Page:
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Insects and other arthropods

Finding an ant nest

Inspection of firewood can sometimes reveal an ant colony.
Photo: Insectarium de Montréal (Claude Pilon)
Ants, Québec, Canada.
  • Ants, Québec, Canada.
  • Ants, Québec, Canada.

Finding an ant nest is easier said than done, especially if it is located inside the house. However, in most cases, the nest is located outside the house. Here are a few tips for finding it:

  • Observe the ants coming and going. When a foraging worker finds food, it leaves a trail of pheromones along its path to show its counterparts the way between the source of the food and the nest. You’ll see ants following this chemical trail in a single-file line. Following the trail can help you locate the nest. But what can you do if the trails are several metres long, winding through areas you can’t detect or access? Plastic containers containing sweet bait (honey diluted with water, jelly, jam) can be placed along the ants’ chemical trail. Attracted by the bait, the ants will change their path and over time, the ants will use the shortest path between the new food source and the nest. This method is effective for locating the nest’s position in the house. Remember that bait placed further away from the nest is less attractive than bait placed closer to the nest.
  • Check bags and containers of food. You may find ants foraging in them.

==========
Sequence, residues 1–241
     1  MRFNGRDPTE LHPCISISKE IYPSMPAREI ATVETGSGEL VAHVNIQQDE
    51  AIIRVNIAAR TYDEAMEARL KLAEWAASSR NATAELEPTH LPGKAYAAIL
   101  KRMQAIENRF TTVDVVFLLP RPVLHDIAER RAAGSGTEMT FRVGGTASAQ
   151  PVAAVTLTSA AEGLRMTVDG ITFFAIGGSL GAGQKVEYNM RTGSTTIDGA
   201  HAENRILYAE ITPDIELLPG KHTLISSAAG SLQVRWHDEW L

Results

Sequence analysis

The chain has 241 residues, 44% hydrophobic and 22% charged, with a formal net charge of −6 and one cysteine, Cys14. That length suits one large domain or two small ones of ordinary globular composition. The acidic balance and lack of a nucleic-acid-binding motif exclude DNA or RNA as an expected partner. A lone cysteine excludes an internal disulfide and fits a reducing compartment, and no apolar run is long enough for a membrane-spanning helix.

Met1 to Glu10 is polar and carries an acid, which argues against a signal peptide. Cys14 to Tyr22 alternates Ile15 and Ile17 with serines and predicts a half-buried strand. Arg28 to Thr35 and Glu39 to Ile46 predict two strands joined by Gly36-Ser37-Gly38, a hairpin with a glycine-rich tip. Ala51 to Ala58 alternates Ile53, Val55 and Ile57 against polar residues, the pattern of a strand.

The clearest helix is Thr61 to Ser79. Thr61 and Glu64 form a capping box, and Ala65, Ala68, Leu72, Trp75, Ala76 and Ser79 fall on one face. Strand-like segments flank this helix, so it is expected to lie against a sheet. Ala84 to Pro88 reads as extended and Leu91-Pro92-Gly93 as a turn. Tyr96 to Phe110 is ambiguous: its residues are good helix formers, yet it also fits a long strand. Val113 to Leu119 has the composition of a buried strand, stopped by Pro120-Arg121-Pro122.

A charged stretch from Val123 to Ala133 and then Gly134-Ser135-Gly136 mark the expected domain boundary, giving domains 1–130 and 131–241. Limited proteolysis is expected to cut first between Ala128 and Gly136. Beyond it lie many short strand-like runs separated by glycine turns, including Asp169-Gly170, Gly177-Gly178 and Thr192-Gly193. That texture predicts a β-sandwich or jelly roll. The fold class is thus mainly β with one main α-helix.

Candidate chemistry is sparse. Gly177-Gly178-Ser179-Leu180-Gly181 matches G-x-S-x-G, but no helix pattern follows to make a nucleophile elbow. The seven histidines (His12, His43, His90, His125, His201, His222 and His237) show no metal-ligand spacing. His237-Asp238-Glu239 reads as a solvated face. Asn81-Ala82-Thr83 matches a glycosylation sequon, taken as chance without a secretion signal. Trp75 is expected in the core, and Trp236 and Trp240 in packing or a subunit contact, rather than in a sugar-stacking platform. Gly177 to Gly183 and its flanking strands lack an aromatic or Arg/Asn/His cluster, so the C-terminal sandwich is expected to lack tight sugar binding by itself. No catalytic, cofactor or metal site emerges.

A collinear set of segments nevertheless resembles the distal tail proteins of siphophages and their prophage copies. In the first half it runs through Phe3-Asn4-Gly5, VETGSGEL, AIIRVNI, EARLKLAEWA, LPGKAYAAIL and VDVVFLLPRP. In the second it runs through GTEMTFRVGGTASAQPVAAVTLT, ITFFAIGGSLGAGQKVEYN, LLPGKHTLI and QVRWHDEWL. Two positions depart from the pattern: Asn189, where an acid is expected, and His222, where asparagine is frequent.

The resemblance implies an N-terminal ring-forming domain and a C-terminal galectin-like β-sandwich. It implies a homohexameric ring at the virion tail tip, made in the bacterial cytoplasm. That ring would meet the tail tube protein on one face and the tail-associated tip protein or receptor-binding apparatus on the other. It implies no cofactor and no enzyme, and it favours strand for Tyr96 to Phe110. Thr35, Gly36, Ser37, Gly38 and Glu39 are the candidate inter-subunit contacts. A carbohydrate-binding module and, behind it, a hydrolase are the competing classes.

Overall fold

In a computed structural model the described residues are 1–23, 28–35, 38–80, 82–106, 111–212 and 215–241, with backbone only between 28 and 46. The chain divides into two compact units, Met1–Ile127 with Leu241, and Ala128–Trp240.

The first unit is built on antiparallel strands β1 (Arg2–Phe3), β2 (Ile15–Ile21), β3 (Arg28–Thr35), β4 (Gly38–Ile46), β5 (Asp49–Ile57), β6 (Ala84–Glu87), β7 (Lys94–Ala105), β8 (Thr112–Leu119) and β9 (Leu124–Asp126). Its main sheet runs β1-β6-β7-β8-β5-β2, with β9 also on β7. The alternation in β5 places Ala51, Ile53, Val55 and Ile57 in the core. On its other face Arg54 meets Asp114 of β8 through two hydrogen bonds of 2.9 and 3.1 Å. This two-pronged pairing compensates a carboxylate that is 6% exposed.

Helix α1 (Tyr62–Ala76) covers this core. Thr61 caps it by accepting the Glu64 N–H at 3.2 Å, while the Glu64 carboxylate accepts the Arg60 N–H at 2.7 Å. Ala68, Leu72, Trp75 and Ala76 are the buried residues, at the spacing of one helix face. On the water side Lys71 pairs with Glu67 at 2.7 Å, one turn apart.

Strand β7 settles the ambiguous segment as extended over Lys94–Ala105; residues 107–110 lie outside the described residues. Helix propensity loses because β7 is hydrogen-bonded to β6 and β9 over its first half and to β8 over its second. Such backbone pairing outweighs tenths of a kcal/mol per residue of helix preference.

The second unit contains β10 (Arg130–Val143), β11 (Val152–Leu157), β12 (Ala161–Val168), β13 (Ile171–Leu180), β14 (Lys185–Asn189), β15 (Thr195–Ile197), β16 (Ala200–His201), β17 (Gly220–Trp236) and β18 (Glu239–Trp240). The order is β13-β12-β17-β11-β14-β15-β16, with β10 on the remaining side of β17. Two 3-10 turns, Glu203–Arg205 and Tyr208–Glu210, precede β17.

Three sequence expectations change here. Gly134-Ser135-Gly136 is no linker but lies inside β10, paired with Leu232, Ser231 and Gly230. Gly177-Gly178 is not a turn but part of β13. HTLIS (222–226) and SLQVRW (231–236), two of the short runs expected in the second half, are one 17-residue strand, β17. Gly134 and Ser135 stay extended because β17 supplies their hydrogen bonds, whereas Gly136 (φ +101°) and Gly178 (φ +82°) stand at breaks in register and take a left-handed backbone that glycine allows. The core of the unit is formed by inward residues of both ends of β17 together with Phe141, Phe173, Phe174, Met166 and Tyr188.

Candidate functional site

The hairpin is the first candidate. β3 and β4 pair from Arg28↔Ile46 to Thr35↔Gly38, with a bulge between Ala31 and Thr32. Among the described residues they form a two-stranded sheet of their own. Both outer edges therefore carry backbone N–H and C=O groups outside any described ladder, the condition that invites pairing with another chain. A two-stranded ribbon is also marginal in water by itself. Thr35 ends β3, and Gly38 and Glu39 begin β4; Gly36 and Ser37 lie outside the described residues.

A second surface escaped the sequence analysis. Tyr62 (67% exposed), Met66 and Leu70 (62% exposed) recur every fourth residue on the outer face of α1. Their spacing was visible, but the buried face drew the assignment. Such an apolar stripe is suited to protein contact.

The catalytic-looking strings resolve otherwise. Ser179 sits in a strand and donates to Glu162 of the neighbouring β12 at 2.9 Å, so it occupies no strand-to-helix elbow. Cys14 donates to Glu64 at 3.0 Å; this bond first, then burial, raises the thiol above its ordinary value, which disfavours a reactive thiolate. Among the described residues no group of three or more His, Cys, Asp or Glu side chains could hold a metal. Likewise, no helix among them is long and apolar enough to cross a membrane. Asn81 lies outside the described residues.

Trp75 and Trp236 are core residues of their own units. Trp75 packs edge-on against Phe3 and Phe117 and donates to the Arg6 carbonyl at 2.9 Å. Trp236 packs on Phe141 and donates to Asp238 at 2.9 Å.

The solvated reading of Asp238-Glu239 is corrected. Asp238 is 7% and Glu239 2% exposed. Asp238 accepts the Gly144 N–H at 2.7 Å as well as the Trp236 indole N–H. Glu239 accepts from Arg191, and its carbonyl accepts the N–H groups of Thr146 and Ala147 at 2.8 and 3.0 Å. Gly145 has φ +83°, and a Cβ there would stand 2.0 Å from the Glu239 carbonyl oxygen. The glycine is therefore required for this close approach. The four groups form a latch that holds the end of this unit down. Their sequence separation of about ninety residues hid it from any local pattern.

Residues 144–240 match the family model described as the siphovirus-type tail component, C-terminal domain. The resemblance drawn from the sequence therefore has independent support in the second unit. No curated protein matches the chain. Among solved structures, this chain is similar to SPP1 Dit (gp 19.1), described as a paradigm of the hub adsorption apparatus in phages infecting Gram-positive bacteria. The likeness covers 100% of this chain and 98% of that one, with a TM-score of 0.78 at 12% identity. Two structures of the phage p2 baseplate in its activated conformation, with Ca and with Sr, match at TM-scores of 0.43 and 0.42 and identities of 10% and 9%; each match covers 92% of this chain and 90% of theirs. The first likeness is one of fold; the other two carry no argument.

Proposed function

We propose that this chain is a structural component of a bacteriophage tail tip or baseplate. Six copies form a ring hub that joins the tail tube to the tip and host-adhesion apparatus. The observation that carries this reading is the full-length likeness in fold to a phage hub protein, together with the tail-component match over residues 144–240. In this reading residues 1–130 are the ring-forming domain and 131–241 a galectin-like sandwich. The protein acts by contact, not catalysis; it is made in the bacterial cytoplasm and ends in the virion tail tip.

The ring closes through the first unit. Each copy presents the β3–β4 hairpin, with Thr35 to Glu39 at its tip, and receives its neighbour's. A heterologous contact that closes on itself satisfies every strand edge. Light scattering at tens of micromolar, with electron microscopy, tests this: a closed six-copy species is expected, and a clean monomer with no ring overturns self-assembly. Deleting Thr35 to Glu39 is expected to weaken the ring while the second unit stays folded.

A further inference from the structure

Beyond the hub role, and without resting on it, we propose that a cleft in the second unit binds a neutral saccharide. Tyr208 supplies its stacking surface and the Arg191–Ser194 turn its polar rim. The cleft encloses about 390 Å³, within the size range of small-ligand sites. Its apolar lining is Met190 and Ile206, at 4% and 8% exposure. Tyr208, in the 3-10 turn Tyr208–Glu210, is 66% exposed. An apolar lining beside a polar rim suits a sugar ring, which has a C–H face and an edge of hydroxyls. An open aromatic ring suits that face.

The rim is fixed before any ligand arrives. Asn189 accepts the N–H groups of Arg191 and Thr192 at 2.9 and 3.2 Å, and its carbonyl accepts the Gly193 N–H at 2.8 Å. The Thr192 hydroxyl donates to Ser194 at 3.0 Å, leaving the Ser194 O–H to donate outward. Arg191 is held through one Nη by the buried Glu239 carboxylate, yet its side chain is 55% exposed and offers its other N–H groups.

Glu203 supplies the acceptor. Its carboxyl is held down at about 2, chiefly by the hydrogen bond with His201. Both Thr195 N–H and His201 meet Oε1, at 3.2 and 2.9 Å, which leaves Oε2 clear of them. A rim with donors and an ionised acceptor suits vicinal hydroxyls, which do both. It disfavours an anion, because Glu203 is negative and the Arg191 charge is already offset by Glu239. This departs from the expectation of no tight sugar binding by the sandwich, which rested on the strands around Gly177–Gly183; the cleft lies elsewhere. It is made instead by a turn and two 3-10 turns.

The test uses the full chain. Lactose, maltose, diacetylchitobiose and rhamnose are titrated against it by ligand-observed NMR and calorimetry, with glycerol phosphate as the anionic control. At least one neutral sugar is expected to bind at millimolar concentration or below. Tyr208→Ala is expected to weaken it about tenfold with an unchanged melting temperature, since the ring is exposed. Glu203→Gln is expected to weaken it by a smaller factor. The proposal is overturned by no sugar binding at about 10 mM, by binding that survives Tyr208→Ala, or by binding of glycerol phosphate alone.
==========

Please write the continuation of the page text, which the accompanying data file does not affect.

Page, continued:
• Remember: Ants are most active at night. A flashlight is handy for following them from their feeding place back to the nest. These insects can enter the home by crawling along phone lines, power lines and tree branches that touch the building. They also travel easily underground and under the floors.
  • Listen: The movement of many carpenter ant legs in a building creates a slight clicking sound. It’s easier to hear the sound with a stethoscope (used as a detection tool). If the surface is struck, the insects’ activity will increase, as ants are sensitive to vibrations.
  • Finding small piles of sawdust is a good indicator of a carpenter ant nest, especially if the piles keep appearing in the same place. These piles of sawdust are generally found at entrances to a nest, which take the form of small holes, cracks and crevices. Look for carpenter ant nests in trees found in a 90-m radius around the house. Try to find piles of sawdust, parts of rotting trees, etc. Check the most humid places in the house: attics, basements, wooden doorframes and windowsills, leaky roofs, gutters, leaky pipes, bathroom and laundry room, outside steps, etc.

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